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President Trump TRANSCRIPT: 8/7/20, MTP Daily

Guests: Raja Krishnamoorthi, Ashish Jha, Katie Park

KATY TUR, MSNBC HOST: Welcome to Friday. It is Meet the Press Daily. I`m  Katy Tur in for Chuck Todd. Russia, China and Iran are all seeking to  disrupt our election according to a new warning from the office of the  Director of National Intelligence. We are going to have more on that  developing story in just a moment but let us begin with the other breaking  news this afternoon. 

White House and Democratic negotiators have failed to reach a deal in  coronavirus relief talks and the president is at his golf resort right now  readying a series of executive actions to bypass Congress. It has been a  very busy if not a very productive day on Capitol Hill after meeting again  this afternoon for the 11th time, negotiators don`t seem anywhere close to  a deal. They told reporters that they were at a standstill before today`s  talks and they told reporters virtually the same thing after today`s talks. 


REP. NANCY PELOSI (D-CA): I will once again make the offer we`ll come down  a trillion, you go up a trillion and then we can have -- we`ll be within  range of each other but again, this is a very different set of values  across the table. 

UNIDENTIFIED MALE: She said you guys need to come up a trillion dollars. Is  that a non-starter for you? 

UNIDENTIFIED MALE: That`s a nonstarter. 

SEN. CHUCK SCHUMER (D-NY): It was a disappointing meeting. We reiterated in  very strong terms our offer. 

PELOSI: I said come back when you`re ready to give a higher number. 

UNIDENTIFIED MALE: Unfortunately, we did not make any progress today. We  discussed the same issues.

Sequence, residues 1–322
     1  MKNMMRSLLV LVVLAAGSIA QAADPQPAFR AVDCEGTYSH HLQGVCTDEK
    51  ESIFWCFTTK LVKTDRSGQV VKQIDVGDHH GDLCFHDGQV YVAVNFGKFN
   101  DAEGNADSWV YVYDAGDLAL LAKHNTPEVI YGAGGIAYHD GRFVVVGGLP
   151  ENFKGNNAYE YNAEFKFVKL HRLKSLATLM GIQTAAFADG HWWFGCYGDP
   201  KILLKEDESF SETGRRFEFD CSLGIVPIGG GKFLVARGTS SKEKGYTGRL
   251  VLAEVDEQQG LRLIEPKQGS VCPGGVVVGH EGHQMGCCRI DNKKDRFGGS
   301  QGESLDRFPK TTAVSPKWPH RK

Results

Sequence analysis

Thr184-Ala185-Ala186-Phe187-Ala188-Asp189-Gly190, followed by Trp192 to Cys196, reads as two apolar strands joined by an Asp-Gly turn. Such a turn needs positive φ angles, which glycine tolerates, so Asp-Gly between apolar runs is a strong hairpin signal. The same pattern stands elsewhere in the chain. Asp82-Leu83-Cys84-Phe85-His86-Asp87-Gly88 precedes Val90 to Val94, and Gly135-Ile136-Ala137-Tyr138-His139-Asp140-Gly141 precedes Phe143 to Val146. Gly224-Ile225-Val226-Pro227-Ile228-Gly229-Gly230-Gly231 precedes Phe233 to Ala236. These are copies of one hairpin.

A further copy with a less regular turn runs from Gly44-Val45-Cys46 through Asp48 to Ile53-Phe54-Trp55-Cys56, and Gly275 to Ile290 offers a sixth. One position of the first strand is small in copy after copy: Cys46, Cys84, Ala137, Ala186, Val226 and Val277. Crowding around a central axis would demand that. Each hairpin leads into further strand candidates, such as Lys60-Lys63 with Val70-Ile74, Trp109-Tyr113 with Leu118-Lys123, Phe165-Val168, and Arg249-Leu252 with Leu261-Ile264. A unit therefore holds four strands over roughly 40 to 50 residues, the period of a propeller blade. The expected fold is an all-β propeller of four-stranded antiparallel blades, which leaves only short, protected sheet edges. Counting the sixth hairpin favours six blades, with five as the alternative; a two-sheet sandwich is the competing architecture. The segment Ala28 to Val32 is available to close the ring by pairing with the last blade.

UNIDENTIFIED MALE: They can`t come up with any significant cuts in their  bill. What they want is a $2.5 trillion blank check. 


TUR: The White House says it has offered concessions to Democrats on issues  ranging from unemployment benefits to funding for the post office, but  Democrats have said no. 


REP. MARK MEADOWS, (R-NC): We`ve offered $105 billion for children to  attend school. The Democrats said that`s not enough. $915 billion for state  and local, that`s where they were two weeks ago. Today, they`re at $915  billion. 

UNIDENTIFIED FEMALE: You`ve had hours of negotiation madam speaker an still  no deal -- 

PELOSI: Well, we don`t have share values. 

UNIDENTIFIED FEMALE: Did you over place your hand and your leverage? 

PELOSI: No, we didn`t. 

UNIDENTIFIED FEMALE: Did you over play your hand? 

PELOSI: No. We haven`t ever played our hand. This is life and death. This  is lives of the American people, livelihood in terms of their economic  success and life of our democracy. 


TUR: Meanwhile, the president is vowing to use his executive authority to  unilaterally do what Congress has not, cut payroll taxes, extend eviction  protections and enhance unemployment benefits among other things. Democrats  are warning that such action is both insufficient and legally questionable. 

Right now, it strangely feels like there is a lack of -- I`m sorry, there  is a bizarre lack of real urgency in Washington on this issue which is  remarkable because of the numbers you`re seeing on your screen right now.  1,000 deaths a day, 300,000 are expected to have died by December 1st, tens  of millions are unemployed. The recovery is losing steam and the election  is in less than 90 days. 

Joining me now from New Jersey where President Trump is spending the day is  NBC`s Kelly O`Donnell. Leigh Ann Caldwell is on Capitol Hill with the  latest on the relief package talks. Also, with us is Yamiche Alcindor,  White House correspondent for PBS news hour and an MSNBC contributor and  Stephanie Ruhle, NBC News senior business correspondent and anchor of the  9:00 a.m. hour here on MSNBC. 

So, Kelly O`Donnell, the president is at Bedminster, he is readying a  series of executive orders. What are they and does he have the authority to  extend the things that he wants to extend? He doesn`t have the power of the  purse. 

KELLY O`DONNELL, NBC NEWS WHITE HOUSE CORRESPONDENT: Katy, those are good  questions because it is unclear what lanes the president can fill to  address these needs. Maybe the simplest among them would be rent  protections and protection against eviction through the powers that come  from an agency like housing and urban development, it does not relate  directly to taxes. 

That kind of an area could be something where the president might be able  to use some authority. The office of legal counsel inside the White House,  the counsel`s office able to try and find pathways for the president but we  don`t have any guidance yet on what that would exactly look like. One of  the problems is that it is very clear under the constitution that dealing  with anything that relates to spending money or taxes has to come from  Congress.